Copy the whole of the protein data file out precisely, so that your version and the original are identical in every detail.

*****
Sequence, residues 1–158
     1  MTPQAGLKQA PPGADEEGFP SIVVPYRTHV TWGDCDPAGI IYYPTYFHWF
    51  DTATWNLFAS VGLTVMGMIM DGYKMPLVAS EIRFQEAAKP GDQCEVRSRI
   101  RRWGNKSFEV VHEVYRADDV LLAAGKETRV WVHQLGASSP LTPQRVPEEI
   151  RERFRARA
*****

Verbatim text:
Sequence, residues 1–158
     1  MTPQAGLKQA PPGADEEGFP SIVVPYRTHV TWGDCDPAGI IYYPTYFHWF
    51  DTATWNLFAS VGLTVMGMIM DGYKMPLVAS EIRFQEAAKP GDQCEVRSRI
   101  RRWGNKSFEV VHEVYRADDV LLAAGKETRV WVHQLGASSP LTPQRVPEEI
   151  RERFRARA